can a sinner rise to fame?

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floatingbubbles07
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can a sinner rise to fame?

Post by floatingbubbles07 » Wed Jul 26, 2017 9:17 pm

If someone has committed one or more of the 5 heinous crimes in the past (e.g. killing parents, injuring a Buddha, etc.) that they deeply and sincerely regret but no one knows about, and they dream of being famous (for example recording songs, writing books and songs, recording vlogs and music videos, giving advice and performing) so that they can raise the money to build and donate to temples, stupas, Buddha statues, endorse trusted charities and animal shelters for a more humane world, and encourage Buddhism, would it be ok for them to take the opportunity to become famous? Would that be creating a false image of themselves to get praise and have people look up to them when they don't deserve it because they had done heinous crimes in the past?
Last edited by floatingbubbles07 on Wed Jul 26, 2017 10:01 pm, edited 1 time in total.

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kirtu
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Re: can a sinner rise to fame?

Post by kirtu » Wed Jul 26, 2017 9:48 pm

floatingbubbles07 wrote:If someone has committed one or more of the 5 heinous crimes in the past (e.g. killing parents, injuring a Buddha, etc.) that they deeply and sincerely regret but no one knows about, and they dream of being famous (for example recording songs, writing books and songs, recording vlogs and music videos, giving advice and performing) so that they can raise the money to build and donate to temples, stupas, Buddha statues, endorse trusted charities and animal shelters for a more humane world, and encourage Buddhism, would it be ok for them to take the opportunity to become famous? Would that be creating a false image of themselves to get praise they don't deserve because they had done heinous crimes in the past?
Presumably the part of the five heinous crimes is theoretical but probably everyone committed them at a distant point in the past.

Fame is a result of merit (the right kind of merit). If the person has the right merit then there isn't anything they can do to keep them from becoming famous. But lots of people have enough merit to rise to some degree of fame.

On top of this, if one's intention is also meritorious and especially if they follow through and build stupas, sponsor teachings, etc. then this creates more merit.

Kirt
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"Even if you practice only for an hour a day with faith and inspiration, good qualities will steadily increase. Regular practice makes it easy to transform your mind. From seeing only relative truth, you will eventually reach a profound certainty in the meaning of absolute truth."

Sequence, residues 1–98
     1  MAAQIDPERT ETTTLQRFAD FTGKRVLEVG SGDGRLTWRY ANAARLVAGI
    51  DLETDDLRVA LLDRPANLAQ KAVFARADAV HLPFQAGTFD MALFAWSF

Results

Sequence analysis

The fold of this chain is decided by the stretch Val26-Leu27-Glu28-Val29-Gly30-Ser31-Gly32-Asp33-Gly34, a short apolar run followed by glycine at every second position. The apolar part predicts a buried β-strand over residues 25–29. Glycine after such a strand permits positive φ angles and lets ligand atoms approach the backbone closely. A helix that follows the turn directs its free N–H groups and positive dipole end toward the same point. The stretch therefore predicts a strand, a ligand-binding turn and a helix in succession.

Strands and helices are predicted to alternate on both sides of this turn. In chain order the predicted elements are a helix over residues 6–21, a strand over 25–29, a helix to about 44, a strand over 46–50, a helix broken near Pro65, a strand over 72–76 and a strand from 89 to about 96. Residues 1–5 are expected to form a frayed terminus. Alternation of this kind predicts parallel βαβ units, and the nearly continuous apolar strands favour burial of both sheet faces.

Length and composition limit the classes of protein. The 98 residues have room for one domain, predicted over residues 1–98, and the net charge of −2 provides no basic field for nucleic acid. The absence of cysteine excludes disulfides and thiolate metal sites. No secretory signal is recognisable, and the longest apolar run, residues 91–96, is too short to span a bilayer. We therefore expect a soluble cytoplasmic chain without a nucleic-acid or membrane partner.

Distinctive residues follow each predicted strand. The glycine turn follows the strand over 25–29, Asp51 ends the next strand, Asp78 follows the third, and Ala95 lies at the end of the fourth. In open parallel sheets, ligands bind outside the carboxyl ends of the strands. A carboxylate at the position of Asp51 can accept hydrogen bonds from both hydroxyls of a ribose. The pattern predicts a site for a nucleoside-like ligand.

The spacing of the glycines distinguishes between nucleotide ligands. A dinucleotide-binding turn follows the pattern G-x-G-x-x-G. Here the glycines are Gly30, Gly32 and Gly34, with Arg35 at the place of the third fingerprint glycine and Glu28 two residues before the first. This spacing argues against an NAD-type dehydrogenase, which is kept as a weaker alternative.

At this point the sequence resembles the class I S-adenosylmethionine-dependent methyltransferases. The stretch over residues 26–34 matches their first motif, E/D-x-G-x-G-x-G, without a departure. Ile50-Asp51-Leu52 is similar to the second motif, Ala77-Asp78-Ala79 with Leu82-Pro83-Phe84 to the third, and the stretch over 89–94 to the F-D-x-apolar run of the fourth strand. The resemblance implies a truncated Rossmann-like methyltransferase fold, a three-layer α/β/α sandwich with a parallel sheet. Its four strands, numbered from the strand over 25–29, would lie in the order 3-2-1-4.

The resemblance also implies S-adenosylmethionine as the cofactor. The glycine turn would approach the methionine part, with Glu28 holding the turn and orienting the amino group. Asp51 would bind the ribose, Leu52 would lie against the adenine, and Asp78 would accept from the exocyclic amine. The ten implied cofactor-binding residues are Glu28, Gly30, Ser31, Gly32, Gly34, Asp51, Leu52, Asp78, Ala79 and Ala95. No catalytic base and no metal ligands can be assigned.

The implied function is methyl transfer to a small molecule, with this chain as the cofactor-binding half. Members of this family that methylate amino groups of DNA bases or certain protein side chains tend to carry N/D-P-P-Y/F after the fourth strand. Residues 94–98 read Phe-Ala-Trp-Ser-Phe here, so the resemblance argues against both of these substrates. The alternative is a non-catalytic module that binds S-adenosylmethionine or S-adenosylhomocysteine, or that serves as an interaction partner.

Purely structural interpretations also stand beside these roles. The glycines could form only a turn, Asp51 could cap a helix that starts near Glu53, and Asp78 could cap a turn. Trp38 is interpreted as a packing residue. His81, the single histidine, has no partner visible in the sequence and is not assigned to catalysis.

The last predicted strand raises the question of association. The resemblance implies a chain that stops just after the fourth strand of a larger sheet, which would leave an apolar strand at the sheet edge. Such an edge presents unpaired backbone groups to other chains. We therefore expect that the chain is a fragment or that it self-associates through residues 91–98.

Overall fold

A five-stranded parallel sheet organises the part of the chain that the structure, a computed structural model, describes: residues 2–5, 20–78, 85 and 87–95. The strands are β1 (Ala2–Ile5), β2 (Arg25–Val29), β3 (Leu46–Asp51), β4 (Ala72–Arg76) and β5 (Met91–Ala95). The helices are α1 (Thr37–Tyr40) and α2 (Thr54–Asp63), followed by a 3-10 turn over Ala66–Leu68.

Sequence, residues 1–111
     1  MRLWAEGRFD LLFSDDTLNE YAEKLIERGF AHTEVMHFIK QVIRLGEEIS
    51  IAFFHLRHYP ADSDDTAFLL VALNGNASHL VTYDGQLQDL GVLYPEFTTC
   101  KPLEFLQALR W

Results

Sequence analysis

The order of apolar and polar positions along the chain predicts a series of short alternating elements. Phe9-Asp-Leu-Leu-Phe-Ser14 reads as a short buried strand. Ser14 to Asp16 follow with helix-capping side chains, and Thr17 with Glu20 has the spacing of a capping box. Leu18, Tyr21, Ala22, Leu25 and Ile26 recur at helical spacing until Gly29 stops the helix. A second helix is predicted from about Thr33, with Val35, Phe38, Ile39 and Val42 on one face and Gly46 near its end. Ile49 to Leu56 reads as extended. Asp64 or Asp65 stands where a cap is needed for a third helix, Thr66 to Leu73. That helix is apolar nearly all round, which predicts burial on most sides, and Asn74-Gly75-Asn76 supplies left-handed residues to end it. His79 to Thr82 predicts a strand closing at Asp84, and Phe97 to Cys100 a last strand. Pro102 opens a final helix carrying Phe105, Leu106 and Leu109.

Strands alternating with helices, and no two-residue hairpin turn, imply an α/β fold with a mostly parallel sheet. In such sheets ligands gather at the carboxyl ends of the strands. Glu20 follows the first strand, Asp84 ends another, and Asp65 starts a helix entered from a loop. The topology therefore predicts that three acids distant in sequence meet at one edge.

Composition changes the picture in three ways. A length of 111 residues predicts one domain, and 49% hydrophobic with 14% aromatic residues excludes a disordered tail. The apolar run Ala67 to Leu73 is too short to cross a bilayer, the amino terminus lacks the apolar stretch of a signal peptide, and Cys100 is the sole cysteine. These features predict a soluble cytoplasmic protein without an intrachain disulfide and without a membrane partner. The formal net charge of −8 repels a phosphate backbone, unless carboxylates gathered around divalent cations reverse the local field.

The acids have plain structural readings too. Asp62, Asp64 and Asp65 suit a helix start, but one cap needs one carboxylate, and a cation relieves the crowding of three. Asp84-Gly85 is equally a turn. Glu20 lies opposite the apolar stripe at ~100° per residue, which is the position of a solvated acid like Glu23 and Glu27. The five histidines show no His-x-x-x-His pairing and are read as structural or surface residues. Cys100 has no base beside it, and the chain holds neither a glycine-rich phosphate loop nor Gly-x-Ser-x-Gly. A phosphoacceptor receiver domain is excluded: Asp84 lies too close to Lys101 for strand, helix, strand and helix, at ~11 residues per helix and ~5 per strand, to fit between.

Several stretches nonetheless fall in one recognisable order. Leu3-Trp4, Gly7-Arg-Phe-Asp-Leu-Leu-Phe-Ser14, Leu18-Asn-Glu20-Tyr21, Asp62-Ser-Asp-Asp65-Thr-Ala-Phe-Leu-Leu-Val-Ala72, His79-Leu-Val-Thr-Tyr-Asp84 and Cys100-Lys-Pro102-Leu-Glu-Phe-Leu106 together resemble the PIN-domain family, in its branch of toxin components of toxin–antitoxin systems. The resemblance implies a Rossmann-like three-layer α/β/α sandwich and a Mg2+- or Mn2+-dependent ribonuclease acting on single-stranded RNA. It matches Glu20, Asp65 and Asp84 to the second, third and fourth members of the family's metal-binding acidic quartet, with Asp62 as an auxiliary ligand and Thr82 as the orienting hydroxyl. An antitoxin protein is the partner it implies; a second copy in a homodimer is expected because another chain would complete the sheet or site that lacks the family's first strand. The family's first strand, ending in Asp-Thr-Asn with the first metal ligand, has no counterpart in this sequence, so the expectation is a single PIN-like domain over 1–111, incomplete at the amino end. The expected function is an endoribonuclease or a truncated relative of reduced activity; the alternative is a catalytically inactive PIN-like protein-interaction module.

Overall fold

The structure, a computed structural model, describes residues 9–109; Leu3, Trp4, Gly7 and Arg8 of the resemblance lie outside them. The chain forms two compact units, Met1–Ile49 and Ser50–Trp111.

Kyabje Dilgo Khyentse Rinpoche.

"Only you can make your mind beautiful."
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floatingbubbles07
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Re: can a sinner rise to fame?

Post by floatingbubbles07 » Wed Jul 26, 2017 9:56 pm

By the way, I mean committing heinous crimes in this life, not in the past as in past lives.... just to clear things up!

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jkarlins
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Re: can a sinner rise to fame?

Post by jkarlins » Wed Jul 26, 2017 10:16 pm

maybe it's a question about purification

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PadmaVonSamba
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Re: can a sinner rise to fame?

Post by PadmaVonSamba » Thu Jul 27, 2017 2:25 am

The thing is,you are connecting two things which have no direct connection to begin with. If you've done some awful thing in the past, that thing may come back to haunt you whether or not you ever become famous for something. We see this played out in the headlines every day. Some movie star or TV actor or musician it turns out did bad things in the past. There may be more of a likelihood that a famous person's past will be revealed publicly. There's a lot of money in that, in digging up dirt on famous people, for example.

Fame and fortune in themselves are not bad, as far as dharma practice goes. However, being attached to fame and fortune is a great pitfall. If you think they will bring a peaceful mind, or lasting happiness, then in essence you are taking refuge in that, relying on that. But since fame and fortune are purely conditional, as soon as the conditions change, they will possibly end.

There may also be some misunderstanding of karma here, and a misunderstanding of why something is regarded as negative action in Buddhism. Certainly, Buddha is not passing judgement. The notion of negative actions as being similar to the Judeo-Christian concept of "sin" is not accurate.